The Problem with Platform Politics


In order to understand these leading platforms causing immense problems to our society, it is important to look at ‘platform politics’, which is encouraging certain cultures and behaviors to come together ‘while implicitly discouraging others', according to Adrienne Massarnari. Massanari focused her work to figure out why ‘ has become a hub for anti-feminists activism’. It relates to the current subject because Massanari specifically dealt with the task in order to figure out why ‘platform politics implicitly support these kinds of cultures’.

Special attention needs to be given to the ‘non-human actants’, such as bots, scripts, algorithms, policies, according to Massaranari. She says, that they shape the online cultures. Points, furthermore, ultimately decide on a social media platform what relevance a comment or post carries. She elaborates by stating that ‘toxic [...] propagate precisely because of the liminal and fluid connectedness of Internet platforms’. This means, that if users have precedence over other users, their content is viewed as ‘more legitimate’, which in turn allows their posts to be viewed more.

Another important factor that Massaranari discusses is the anonymity haunting these platforms. Individuals can register and be anyone they like on the Internet. In her eyes, it seems that social media platforms provide  ‘anonymous spaces’ that ‘seem to cultivate and prize’ toxic behavior/content. She also, furthermore, analyzed that the administration of these platforms tend to ‘express distaste’ but seem to ‘loathe to make any concrete changes’ and proof ‘lack of awareness [...] the platform has been and will continue to be’.

This means for us that the leading platforms not only facilitate social action but also shape it, but also there is really no positive-connectivity social media platforms have provided us with so far. Looking back at the given case, it is clear that there is still initially a big gap between the use of these social media platforms as more than just an entertaining page and using it as a mechanism to solve Human rights violations.

Facebook & Twitter: Taking a  look at social media problems with society


Social media is a platform that allows users to ‘communicate, organize and share critical information that impacts [their] lives’ (van Dijck, 2013). The essential impact social media platforms have is the fact that they give us a place to freely express ourselves. Of course, freely in this sense means not to discriminate or allow hateful speeches. Moreover, Freely in this sense means to be able to share stories and issues, that for example would not have been seen on normal news networks, due to the fact that these networks are controlled. The control lies in an editor’s power to decide what content will be presented on the platform. On a social media platform, everyone is free to choose what they want to post. As long as the content is not hateful or discriminating.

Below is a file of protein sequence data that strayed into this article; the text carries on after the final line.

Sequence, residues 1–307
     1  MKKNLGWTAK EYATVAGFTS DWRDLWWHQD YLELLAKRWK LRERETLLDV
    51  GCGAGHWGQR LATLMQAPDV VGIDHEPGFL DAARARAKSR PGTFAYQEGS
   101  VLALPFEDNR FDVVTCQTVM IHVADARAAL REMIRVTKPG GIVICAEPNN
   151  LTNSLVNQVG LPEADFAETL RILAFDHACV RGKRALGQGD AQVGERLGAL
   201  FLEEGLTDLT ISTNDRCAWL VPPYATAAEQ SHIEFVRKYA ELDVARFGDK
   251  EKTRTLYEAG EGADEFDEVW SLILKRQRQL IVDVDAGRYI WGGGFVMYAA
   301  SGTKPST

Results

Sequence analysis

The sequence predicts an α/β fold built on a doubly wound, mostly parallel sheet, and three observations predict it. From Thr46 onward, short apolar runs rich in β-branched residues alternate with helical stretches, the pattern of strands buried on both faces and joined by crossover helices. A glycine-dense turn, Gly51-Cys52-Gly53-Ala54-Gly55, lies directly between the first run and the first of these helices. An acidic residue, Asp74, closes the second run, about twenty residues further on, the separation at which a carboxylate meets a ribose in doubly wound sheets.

For example, Facebook defines ‘sharing’ as a measure to ‘get and stay connected and to become connected’. (van Dijck, 2013)


Through this function, Facebook believes that the world will become more open and transparent. They believe that it will create a better understanding and connection between individuals.

In their eyes, they believe that this is the correct approach to have a community that shares a positive- connectivity, with the sharing device they provide their users with. A belief alone, however, might not be good enough to create positive-connectivity. Also here we can find a substantial gap between the reality they describe to be true and the ‘reality- outcome’ that actually is.

The Muslim Rohingya minority, for example, had been victims of abuse by this specific ‘sharing application’ tool facebook provided their users with. Instead of positive-connectivity, the sharing tool ended up spreading hatred, discriminating and abusive comments all over facebook, against the Rohingya people. This specific group had already lived through troublesome times. Their 700,000 members had to flee the country aimed at military crackdown and ethnic violence. Facebook, nonetheless, became involved in this turmoil through the posts Myanmar military personnel had shared on their platforms.

Their purpose was to create ‘vulnerability and fear’,  according to researchers who follow the tactics, that could only be solved through military protection. A tactic used by many dictators, which is to ‘accumulate power by manipulating the hearts and minds of your citizens’. These posts were of such atrocious severity that the New York Times reported former military officials, researchers, and civilian officials say that it is turning ‘the social network into a tool for ethnic cleansing’ and the United Nations describing it as ‘a textbook example of ethnic cleansing’. This is true if one looks at the posts. Below is an example of Reuters Investigates quote they had found, that was shared on facebook. The quote illustrates the hatred, discriminating and abusive comments left by users about the Rhogniy people.

“One user posted a restaurant advertisement featuring Rohingya-style food. “We must fight them the way Hitler did the Jews, damn kalars!” the person wrote, using a pejorative for the Rohingya. That post went up in December 2013.”

The majority of users that had posted these offensive comments, knew initially what they were doing. It is a known factor that Facebook is used in Myanmar tremendously, with the New York Times referring to the Myanmar community usage of facebook so frequently that they confuse it with the internet. Eventually, in April of 2018, the founder Mark Zuckerberg told U.S. Senators that they were ‘hiring dozens more Burmese speakers to review hate speech posted in Myanmar’.